Plans advance for Village of Okemos project — with a few key changes

Developers seek tax incentives for downsized development in Meridian Township


THURSDAY, Aug. 6 — Despite some recent delays tied to the coronavirus pandemic, the $100 million mixed-use “Village of Okemos” development is gearing back up in Meridian Township.

And if developers are able to secure some extra funding, construction efforts are slated to continue in October with demolition of the former Travelers Club, Bottoms Up and ACE Hardware at the intersection of Hamilton and Okemos roads by mid-December, officials said.

“Traditional lenders have pulled back conventional financing due to the COVID-19 pandemic and are no longer vetting possible loans until the future becomes clearer,” said Will Randle, spokesman for True North Development, noting developers will instead seek other incentives.

The Meridian Township Board of Trustees approved the mixed-use development plan last July, which is designed to transform two full blocks into more than 200 “luxury living” units and over 50,000 square feet of leasable commercial space. Douglas J will also lease a significant portion.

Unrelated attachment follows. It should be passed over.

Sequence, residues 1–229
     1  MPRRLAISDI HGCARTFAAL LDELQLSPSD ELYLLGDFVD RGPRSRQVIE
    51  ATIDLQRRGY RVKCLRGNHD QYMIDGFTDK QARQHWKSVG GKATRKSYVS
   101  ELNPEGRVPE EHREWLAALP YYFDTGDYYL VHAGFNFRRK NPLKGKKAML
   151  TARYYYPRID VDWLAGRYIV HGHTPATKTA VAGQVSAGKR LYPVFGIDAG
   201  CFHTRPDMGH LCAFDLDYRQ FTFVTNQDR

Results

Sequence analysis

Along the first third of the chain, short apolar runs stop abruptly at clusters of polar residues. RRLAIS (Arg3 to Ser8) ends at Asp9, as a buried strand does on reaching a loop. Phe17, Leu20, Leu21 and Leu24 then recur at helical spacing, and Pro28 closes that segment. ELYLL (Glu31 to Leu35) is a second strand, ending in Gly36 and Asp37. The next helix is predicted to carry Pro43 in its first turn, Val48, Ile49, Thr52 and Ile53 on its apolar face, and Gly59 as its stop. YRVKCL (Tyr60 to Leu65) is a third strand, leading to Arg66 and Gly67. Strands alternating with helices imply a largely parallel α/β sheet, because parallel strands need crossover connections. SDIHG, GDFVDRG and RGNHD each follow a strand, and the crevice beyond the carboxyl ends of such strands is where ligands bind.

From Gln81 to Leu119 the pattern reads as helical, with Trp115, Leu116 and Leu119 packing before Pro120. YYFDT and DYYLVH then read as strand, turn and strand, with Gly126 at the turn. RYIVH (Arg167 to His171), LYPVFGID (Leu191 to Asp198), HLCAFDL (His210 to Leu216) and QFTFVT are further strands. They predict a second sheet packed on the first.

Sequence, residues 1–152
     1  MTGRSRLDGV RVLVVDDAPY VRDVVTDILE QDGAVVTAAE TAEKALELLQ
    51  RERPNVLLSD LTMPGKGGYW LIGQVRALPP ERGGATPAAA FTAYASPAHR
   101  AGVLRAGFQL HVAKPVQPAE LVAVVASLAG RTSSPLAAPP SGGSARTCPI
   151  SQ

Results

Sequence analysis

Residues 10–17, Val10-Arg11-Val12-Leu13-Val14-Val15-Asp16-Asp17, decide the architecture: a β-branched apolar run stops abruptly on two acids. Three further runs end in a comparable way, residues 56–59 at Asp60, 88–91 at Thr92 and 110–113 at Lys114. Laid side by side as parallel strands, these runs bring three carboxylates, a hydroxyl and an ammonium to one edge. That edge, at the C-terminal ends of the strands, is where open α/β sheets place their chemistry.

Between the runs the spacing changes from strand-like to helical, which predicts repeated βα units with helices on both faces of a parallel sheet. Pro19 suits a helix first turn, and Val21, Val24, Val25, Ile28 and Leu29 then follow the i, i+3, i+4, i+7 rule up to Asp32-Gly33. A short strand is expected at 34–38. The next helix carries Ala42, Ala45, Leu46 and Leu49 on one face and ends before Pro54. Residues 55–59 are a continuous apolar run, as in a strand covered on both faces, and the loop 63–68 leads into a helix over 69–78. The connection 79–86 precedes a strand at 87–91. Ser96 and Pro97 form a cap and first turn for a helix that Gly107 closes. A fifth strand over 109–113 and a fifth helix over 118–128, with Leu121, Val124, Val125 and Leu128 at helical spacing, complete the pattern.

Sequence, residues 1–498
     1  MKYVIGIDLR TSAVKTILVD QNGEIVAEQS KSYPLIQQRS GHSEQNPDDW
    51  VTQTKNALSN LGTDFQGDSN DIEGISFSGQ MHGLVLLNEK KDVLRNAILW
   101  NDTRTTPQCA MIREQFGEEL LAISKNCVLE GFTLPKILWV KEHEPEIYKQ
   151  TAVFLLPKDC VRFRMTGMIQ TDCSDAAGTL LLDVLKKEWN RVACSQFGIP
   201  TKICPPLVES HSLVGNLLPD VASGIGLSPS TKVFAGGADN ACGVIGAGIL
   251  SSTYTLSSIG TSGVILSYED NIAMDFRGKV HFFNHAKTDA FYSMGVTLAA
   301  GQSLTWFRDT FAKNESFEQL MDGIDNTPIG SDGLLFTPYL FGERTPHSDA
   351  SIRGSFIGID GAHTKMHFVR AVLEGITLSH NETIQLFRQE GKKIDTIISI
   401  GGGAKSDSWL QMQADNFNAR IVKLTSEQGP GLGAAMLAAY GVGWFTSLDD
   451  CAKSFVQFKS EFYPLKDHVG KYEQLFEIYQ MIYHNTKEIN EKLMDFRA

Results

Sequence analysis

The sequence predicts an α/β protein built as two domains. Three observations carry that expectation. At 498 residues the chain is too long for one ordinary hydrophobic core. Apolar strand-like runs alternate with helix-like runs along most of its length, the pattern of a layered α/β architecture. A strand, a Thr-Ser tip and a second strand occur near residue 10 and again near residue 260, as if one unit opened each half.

In an effort to secure additional funds, developers at True North and WestPac Communities are leaning on the Meridian Township Redevelopment Fund to cover an unnamed portion of asbestos abatement and demolition costs on all buildings within the two-block site. If the request is successful, developers said they could have the area cleared before the end of the year.

The township’s Brownfield Redevelopment Authority meets virtually later this month.

Additionally, the development team now plans to increase available residential space along Okemos Road within the proposed buildings and reduce the amount of available commercial space. The layout of the development proposal along Hamilton Road is not expected to change.

“Given the impact of the COVID-19 crisis on commercial lending over the past several months, we agree that a small reduction in the available commercial space is the right decision, especially if it can secure financing to keep the overall project going forward,” officials explained.

To date, more than $4.4 million has been privately invested into the $100 million project. Developers are also working to extend Michigan Department of Environment, Great Lakes and Eagle funding for asbestos abatement and demolition work, originally slated for spring 2020.

“We’re eager to move forward with this work and look forward to starting this fall,” Randle said.


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